A Berlin Childhood is not merely the evocation of a particular time and environment in the development of a family and a city; like the initial scenes in Joyce's A Portrait of the Artist as a Young Man and the Proustian scene noted immediately above, it furnishes an account of the crystallization of a literary sensibility. In contradistinction to Benjamin's comperes in this endeavor, Kafka and Woolf in addition to the two afore-named authors, the city occupies center-stage in Benjamin's scenario. It is not merely a contingent surround. As Benjamin indicates in "Unpacking my Books" and elsewhere, the trajectories of cities and books are fatally interlocked. Certainly situated in the Benjaminian sub-genre of memoir, A Berlin Childhood uplifts us with the freshness and intimacy of its Proustian reminiscence; it takes us on a Cook's tour of the Berlin of this moment, lavishing special attention on such sites as the Tiergarten, the Zoological Garden, and the Markthalle on Magdeburger Platz; it highlights certain sites of personal and familial reminiscence, such as the grandmother's apartment at Blumenhof 12. More importantly, the text interweaves those auratic objects, physical and discursive (fairy tales), presenting the childhood imaginary with inexhaustible material for play--among them a sock and a sewing box--objects morphing themselves into a more mature sensibility, into exemplary tropes for poetic and critical composition.

It is precisely at the point where the breezy and reassuring recollections of childhood abut upon textual objects both alluring in their physicality and allegorical in their implications for poetic invention and critical mindfulness that A Berlin Childhood around 1900 joins the multiple other registers of the discourse that Benjamin synthesized over time as a composite primer in the activities and perspectives involved in engaged and self-aware cultural critique. This intellectual task is incumbent to some degree on all cultural citizens; it imposes its exertions democratically. It is one that preoccupies Leopold Bloom, a thoughtful civilian, during his circuitous perambulations through Dublin on June 16, 1904. A critic would have to be attuned to his audience and its intellectual needs indeed to make this demanding task palatable. The sweetest coating that Benjamin devised for the sometimes sobering work of personal cultural critique suffuses such works as A Berlin Childhood around 1900, Berlin Chronicle, and One-Way Street. His multifaceted exhortation to the task does not, however, stop there.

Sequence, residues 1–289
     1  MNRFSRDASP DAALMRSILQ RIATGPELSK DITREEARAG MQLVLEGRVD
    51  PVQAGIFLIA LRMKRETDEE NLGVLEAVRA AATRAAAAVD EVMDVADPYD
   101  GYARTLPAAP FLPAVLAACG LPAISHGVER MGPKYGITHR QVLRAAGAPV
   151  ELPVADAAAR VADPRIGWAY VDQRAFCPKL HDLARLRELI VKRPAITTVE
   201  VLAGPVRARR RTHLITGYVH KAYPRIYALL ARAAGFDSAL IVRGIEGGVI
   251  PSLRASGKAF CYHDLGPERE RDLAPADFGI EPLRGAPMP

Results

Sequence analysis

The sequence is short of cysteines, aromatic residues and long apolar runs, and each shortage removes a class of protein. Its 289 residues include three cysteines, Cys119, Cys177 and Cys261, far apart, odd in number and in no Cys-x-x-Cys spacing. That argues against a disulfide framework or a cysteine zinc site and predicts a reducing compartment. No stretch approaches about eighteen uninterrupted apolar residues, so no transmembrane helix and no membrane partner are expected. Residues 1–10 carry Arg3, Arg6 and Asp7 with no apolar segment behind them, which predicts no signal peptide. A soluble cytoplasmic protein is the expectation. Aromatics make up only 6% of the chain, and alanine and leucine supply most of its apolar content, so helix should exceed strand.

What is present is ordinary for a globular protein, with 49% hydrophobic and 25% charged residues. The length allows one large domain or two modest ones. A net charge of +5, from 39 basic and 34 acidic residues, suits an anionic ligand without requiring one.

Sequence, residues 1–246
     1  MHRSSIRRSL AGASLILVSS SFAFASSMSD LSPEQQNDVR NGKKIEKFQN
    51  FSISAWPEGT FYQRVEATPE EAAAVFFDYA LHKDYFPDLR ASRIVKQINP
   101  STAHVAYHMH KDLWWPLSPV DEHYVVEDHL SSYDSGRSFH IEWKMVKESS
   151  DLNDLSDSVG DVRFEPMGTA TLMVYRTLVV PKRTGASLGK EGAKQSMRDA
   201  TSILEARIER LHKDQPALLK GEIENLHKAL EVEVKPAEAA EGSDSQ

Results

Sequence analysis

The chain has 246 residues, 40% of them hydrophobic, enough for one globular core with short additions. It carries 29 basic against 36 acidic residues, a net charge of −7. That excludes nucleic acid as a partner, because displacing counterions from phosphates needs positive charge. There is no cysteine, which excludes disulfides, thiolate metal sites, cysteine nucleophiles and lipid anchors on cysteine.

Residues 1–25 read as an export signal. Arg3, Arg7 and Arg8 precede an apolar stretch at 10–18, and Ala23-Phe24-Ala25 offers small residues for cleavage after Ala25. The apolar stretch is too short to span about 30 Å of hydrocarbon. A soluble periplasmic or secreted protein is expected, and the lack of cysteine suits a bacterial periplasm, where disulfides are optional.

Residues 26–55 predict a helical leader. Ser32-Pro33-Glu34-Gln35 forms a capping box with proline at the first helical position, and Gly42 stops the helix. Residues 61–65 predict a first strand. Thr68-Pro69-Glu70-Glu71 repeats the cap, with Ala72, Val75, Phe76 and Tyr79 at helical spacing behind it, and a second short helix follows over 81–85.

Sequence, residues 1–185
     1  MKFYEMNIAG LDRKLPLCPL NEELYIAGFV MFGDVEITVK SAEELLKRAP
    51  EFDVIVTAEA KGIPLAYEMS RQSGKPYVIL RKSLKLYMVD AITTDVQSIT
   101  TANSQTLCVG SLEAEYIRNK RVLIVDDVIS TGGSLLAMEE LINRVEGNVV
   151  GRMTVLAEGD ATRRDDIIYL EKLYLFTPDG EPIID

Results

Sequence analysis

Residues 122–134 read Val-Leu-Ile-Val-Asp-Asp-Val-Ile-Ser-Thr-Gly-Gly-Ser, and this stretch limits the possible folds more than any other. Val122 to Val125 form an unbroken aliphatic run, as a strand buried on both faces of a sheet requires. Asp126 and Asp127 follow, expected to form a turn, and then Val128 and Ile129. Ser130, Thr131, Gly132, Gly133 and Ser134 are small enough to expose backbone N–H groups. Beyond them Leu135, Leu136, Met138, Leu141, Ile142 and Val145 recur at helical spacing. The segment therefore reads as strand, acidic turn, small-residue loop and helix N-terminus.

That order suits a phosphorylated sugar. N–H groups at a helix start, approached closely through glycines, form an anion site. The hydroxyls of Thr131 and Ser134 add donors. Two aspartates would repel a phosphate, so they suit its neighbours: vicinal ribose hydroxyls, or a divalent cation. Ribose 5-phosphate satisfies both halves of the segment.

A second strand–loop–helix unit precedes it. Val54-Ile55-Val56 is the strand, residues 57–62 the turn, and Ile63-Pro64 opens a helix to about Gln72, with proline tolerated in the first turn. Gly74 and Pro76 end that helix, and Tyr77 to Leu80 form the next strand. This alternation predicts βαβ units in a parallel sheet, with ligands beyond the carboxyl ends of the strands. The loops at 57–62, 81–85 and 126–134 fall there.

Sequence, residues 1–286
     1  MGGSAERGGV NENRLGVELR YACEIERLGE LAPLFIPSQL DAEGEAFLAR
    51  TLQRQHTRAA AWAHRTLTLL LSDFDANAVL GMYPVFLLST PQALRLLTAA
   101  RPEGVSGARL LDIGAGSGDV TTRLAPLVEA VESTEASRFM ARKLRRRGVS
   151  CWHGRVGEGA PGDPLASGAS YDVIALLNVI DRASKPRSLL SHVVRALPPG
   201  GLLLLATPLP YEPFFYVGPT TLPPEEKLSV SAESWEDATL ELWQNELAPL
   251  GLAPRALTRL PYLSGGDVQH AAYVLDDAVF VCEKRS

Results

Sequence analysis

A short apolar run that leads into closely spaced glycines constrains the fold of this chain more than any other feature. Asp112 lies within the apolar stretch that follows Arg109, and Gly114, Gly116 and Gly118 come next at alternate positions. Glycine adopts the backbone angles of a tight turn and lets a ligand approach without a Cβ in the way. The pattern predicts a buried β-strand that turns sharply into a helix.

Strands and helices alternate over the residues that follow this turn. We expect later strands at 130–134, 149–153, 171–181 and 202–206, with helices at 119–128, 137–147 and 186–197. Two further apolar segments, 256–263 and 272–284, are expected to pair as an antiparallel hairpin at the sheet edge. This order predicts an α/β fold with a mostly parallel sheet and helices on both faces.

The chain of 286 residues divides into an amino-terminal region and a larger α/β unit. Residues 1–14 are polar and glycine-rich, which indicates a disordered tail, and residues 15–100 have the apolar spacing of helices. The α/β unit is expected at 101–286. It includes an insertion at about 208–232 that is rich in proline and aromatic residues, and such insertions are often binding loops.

This reviewer fervently hopes that this volume, now that Harvard has made it available, will find its way into countless backpacks, handbags,

and suitcases. English-language readers everywhere can well benefit from its joyful recounting of urban childhood and its multiple illuminations. Everything about it is uplifting, not least the reprinting of Peter Szondi's "Hope in the Past" as the introductory essay. Would that all of our most informative and thought-provoking critics receive the tender cultural and scholarly care that Harvard University Press has lavished upon Walter Benjamin.

Henry Sussman

Department of Comparative Literature /Germanic Languages and Literatures

State University of New York at Buffalo/Yale University
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Author:Sussman, Henry
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Date:Mar 22, 2007